Again we began this double-session in the main hall with all the participants from the morning and evening groups together.
First we looked at anger and the words that we associate with this emotion. The negative words we “collected” included aggression, anxiety, barriers, belligerence, conflict, confrontation, defensiveness, destruction, disappointment, disconnection, disempowerment, disillusion, fear, fight, frustration, helplessness, high blood-pressure, hurt, intimidation, judgement, loss of control, loss of reason, misunderstanding, negative energy, not being heard, not being respected, rage, regret, resentment, righteousness, suppression of all other emotions, tears, and violence.
Anger is a response to another, more primary, feeling and it is not always a negative thing. Some of the positive words we “collected” that can be associated with anger are action, change, communication, confrontation, empowerment, galvanization, motivation, passion, release, relief, resolution, self-assessment, self-protection, and understanding.
We then paired up to describe how we respond when we feel angry. There was a time when I would really “let rip” when I got angry (I can be eloquently vicious) but I have learned that this is not a constructive way to engage. It is a fact that by acknowledging that no one can “make” me feel a certain way, I am able to own my own feelings and responses. So I avoid saying things like “you make me feel angry” (or whatever emotion is appropriate). Taking ownership of my own feelings is empowering, and discovering the underlying feeling from which my anger rises helps my self-knowledge and gives me better self-control. I still get exasperated sometimes, but now I can look at what it is in me that creates those “buttons” people inadvertently push.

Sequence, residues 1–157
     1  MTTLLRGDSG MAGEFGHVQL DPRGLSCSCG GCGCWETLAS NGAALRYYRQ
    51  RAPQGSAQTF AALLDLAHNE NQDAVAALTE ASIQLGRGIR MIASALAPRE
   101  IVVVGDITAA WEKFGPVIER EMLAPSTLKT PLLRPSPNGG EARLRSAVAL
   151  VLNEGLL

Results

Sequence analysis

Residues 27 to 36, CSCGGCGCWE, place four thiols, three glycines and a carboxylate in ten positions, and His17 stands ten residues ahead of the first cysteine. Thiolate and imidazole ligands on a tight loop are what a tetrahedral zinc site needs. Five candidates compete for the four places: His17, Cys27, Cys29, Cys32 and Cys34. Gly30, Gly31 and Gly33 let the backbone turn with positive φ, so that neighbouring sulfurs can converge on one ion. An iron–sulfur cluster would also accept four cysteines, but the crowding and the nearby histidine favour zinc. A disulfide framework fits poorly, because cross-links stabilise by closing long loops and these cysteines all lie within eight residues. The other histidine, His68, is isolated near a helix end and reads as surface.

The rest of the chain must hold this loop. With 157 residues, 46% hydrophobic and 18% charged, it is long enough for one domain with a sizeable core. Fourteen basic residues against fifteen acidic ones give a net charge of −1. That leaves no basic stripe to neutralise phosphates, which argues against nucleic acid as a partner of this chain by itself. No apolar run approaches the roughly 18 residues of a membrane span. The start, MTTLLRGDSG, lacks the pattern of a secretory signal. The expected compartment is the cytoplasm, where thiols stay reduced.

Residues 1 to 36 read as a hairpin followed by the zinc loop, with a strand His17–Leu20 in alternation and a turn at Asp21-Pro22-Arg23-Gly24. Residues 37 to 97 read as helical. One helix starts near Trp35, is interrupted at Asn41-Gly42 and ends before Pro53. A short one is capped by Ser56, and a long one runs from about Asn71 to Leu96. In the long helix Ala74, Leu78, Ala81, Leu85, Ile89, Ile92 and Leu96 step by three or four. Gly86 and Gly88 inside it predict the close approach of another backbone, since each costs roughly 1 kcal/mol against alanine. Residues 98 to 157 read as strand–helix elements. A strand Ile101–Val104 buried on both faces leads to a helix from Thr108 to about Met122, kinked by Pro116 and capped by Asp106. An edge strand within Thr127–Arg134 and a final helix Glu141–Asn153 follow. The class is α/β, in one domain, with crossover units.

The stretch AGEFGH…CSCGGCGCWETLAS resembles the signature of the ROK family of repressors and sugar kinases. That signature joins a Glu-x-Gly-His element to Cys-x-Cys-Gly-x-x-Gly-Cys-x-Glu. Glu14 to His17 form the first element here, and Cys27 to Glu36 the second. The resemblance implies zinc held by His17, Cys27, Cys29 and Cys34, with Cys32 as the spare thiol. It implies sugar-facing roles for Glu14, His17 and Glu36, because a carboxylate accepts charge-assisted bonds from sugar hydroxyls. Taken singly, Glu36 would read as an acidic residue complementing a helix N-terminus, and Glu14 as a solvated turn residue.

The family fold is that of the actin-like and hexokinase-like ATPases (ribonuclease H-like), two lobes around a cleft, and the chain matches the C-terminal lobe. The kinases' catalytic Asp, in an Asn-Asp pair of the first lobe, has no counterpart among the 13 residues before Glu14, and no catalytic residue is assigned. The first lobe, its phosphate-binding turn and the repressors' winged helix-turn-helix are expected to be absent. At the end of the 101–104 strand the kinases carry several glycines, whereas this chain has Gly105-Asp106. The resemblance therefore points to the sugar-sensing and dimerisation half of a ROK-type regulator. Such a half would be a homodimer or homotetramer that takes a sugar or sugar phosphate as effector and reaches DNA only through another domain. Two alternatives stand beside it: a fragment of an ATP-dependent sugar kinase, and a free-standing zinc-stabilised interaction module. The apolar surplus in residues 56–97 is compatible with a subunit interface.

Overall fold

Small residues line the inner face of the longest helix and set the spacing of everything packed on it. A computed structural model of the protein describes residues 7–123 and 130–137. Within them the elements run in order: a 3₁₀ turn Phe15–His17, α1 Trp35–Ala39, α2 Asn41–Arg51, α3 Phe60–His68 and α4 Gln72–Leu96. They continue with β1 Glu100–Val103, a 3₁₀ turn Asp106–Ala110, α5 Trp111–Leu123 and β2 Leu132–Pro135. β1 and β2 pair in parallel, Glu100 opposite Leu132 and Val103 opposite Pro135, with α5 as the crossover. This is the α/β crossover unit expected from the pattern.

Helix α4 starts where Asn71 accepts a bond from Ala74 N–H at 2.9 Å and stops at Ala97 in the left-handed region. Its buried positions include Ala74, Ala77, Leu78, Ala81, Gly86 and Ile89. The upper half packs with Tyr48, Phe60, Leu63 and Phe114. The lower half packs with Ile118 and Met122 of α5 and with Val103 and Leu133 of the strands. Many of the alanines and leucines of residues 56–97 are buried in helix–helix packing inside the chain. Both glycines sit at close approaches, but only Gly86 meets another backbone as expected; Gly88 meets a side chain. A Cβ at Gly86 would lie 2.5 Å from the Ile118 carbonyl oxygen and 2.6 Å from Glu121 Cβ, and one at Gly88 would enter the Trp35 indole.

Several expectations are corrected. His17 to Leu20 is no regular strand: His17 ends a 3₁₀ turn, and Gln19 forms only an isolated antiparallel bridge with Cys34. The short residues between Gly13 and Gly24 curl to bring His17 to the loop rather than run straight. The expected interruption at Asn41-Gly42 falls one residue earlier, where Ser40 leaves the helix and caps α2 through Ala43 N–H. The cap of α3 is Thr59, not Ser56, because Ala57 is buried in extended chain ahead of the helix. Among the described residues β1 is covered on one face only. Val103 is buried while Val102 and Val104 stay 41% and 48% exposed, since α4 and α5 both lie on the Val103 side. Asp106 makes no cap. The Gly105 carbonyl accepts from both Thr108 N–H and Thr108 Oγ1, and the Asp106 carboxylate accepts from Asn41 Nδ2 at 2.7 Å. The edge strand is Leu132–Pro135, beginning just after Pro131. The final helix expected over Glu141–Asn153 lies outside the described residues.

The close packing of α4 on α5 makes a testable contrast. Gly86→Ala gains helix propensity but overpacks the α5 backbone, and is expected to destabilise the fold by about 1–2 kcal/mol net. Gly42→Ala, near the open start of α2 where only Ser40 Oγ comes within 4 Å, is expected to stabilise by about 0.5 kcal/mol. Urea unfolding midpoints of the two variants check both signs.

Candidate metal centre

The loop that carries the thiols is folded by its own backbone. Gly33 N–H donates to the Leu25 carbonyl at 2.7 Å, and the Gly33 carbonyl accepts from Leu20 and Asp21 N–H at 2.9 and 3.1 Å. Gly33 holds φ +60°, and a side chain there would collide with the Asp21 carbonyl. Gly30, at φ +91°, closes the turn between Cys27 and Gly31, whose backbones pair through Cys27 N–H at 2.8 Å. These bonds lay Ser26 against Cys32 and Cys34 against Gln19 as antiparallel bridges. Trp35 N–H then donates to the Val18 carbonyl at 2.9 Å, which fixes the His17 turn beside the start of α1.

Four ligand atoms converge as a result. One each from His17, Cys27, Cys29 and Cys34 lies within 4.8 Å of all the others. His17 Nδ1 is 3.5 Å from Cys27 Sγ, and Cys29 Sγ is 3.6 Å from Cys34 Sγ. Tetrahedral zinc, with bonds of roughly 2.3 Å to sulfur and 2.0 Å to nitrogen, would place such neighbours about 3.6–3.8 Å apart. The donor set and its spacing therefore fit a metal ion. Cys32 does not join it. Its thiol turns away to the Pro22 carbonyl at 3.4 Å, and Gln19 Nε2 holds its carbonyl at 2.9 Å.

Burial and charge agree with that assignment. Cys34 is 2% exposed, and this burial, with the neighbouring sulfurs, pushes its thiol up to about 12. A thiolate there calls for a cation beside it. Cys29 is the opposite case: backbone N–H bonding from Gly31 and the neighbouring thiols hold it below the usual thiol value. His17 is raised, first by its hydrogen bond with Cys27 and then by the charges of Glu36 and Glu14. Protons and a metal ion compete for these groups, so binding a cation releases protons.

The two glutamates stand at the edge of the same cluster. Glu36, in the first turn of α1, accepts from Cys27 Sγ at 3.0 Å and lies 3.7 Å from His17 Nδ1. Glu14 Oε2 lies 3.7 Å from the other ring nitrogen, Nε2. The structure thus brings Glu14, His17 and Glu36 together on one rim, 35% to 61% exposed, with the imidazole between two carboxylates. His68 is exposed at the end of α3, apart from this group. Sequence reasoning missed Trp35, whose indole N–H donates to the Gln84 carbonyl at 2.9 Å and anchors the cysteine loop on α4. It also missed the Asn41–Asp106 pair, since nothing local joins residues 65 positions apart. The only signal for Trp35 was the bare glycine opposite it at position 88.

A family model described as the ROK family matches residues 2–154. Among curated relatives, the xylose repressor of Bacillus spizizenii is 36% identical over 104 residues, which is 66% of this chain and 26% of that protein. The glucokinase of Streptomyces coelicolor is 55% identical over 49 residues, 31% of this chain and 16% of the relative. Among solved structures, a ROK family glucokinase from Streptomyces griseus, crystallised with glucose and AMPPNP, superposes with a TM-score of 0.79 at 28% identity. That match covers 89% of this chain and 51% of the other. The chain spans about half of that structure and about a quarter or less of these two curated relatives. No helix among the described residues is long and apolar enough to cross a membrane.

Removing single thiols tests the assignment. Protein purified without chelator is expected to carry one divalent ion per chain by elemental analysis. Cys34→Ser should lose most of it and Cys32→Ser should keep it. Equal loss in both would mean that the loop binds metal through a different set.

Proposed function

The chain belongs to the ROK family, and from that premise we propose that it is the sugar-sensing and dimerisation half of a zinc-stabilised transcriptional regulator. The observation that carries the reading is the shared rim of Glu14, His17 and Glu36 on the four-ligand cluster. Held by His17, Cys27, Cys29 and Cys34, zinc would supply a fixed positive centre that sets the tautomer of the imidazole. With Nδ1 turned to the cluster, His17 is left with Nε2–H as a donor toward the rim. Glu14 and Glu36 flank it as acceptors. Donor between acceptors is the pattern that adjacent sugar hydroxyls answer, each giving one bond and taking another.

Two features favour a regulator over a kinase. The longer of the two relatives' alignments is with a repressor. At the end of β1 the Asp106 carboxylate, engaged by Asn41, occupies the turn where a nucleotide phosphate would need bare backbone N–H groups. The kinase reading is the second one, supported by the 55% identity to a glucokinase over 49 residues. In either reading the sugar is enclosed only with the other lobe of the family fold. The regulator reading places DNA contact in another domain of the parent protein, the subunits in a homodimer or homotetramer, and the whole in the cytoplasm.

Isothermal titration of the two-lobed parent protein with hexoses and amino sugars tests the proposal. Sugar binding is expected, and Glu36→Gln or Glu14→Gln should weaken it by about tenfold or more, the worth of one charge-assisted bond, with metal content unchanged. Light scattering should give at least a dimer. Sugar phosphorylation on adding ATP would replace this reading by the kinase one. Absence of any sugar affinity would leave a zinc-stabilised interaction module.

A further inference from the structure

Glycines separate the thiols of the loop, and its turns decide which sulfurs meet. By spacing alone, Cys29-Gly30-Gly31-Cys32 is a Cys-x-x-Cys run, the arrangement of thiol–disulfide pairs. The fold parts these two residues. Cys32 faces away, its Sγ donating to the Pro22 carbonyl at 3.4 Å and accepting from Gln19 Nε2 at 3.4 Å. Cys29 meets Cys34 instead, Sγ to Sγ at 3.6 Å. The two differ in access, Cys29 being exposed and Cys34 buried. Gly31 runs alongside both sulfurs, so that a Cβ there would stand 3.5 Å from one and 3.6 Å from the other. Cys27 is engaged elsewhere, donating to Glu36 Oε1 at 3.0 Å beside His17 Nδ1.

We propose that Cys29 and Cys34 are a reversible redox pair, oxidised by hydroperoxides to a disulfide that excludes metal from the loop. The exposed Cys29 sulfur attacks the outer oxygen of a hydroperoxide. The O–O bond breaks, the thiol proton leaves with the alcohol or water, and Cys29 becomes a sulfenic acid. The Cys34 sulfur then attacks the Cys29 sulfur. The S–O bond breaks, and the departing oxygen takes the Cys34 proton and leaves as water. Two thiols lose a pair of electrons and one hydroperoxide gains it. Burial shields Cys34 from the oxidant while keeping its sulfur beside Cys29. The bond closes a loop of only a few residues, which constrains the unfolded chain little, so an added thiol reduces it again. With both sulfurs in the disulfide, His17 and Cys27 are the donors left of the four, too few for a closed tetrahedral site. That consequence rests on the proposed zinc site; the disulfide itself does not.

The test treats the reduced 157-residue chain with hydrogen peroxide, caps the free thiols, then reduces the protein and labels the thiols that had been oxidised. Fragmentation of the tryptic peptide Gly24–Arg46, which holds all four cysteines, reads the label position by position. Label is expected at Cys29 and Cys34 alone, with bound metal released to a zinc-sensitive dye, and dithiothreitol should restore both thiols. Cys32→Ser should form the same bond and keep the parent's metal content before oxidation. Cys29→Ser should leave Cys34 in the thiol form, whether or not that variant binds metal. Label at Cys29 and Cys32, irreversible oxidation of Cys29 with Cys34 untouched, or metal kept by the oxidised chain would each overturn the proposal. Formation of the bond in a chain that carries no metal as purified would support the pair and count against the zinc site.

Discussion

Next, in our groups, we enacted various experiences we had when people were angry with us or we ourselves had been angry; as a child, as an adolescent, and as we are now.
Lifeline Course Module 1 – Personal Growth –Nine
The feeling that we explored in the next session was loss. Everyone has lost something: a job; a relationship; a home; a wife, husband, parent, sibling or child; a pet; a possession; or even status. At first I did not know which experience to describe to the group as I have lost many of these things, but then I realised that I should describe the loss of my child, because it was the most definitive experience in my life.
I spoke about the loss of my first child and of the damage that it caused in my other relationships, especially with my other children; that loving became a thing I fear. That a part of me shut down behind an impenetrable barricade.
I had no difficulty speaking about this whole experience as I have always done so in the belief that speaking about our feelings is a form of healing, but it was the most exhausting session.